correct traditions, but simply to hear, as intelligently as we can, a voice which once could move and warn and terrify.
We begin, then, with the year 1755, five years before the death of George II. The Duke of Newcastle has been Prime Minister for nearly two years, succeeding his younger brother, Henry Pelham. War has just broken out with France, and the King and his Government are bent on a system of foreign treaties backed by foreign subsidies. Henry Fox, the first Lord Holland, has been made Secretary of State and Leader of the House of Commons, to the exclusion of Pitt, who is left in his old subordinate position as only Paymaster of the Forces. Pitt, who had been fairly loyal to Pelham, has but little respect for Newcastle. Before the Duke had been a full year in office, his nominal colleague astonished the House by asking 'in tones of thunder' whether 'Parliament sat only to register the edicts of one too-powerful subject'.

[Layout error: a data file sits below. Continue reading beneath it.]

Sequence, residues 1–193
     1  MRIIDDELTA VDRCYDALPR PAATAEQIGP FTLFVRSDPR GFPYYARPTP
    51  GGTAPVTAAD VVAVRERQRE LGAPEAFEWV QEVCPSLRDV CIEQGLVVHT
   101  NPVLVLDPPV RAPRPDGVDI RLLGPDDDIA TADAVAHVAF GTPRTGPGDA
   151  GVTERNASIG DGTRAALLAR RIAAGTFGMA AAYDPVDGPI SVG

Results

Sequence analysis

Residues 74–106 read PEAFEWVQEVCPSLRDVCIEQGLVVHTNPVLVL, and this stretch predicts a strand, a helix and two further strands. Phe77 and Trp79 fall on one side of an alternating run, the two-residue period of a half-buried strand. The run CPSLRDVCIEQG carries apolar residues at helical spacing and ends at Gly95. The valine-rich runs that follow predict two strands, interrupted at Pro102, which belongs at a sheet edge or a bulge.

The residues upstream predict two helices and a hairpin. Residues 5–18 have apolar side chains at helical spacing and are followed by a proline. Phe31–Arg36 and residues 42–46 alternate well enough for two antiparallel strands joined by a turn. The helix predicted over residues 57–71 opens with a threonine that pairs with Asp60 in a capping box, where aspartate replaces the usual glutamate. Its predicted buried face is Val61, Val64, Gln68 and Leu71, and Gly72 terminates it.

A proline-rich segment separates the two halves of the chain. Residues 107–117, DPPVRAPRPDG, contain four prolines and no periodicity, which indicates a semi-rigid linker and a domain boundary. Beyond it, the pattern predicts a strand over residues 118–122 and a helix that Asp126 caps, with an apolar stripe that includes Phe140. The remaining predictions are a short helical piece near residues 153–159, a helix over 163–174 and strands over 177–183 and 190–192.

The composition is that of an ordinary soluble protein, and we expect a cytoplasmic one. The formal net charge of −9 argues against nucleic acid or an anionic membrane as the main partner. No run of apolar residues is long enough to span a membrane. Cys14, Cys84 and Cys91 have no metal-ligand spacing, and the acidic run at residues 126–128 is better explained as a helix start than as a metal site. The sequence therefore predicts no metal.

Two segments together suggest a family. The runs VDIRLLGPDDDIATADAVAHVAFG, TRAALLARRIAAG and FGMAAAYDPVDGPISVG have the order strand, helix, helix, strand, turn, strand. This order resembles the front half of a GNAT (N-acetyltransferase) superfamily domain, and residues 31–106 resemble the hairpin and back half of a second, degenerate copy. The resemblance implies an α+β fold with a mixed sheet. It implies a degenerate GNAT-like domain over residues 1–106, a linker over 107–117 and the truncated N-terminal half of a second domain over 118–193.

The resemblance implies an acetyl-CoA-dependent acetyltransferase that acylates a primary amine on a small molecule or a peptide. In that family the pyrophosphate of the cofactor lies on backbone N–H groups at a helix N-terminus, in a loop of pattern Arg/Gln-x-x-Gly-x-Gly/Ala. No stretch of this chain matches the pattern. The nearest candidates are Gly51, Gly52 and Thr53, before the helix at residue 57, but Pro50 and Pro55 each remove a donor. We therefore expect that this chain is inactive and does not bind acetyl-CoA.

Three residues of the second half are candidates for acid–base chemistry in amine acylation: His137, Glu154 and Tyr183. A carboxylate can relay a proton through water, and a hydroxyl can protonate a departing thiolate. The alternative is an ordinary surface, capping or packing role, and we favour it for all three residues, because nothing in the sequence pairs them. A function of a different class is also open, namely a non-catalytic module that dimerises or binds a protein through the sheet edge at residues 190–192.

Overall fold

Another year passed, and in November, 1755, again the Houses met. In the vivid language of Macaulay, based on the contemporary evidence of Horace Walpole, 'Public opinion was wound up to the height. After ten quiet years there was to be an Opposition, countenanced by the Heir-Apparent of the Throne, and headed by the most brilliant orator of the age. The debate on the Address was long remembered as one of the greatest Parliamentary conflicts of that generation. It began at three in the afternoon, and lasted till five the next morning. It was on this night that young Gerard Hamilton delivered that "single speech" from which his nickname was derived. His eloquence threw into the shade every orator except Pitt, who declaimed against the subsidies for an hour and a half with extraordinary energy and effect.'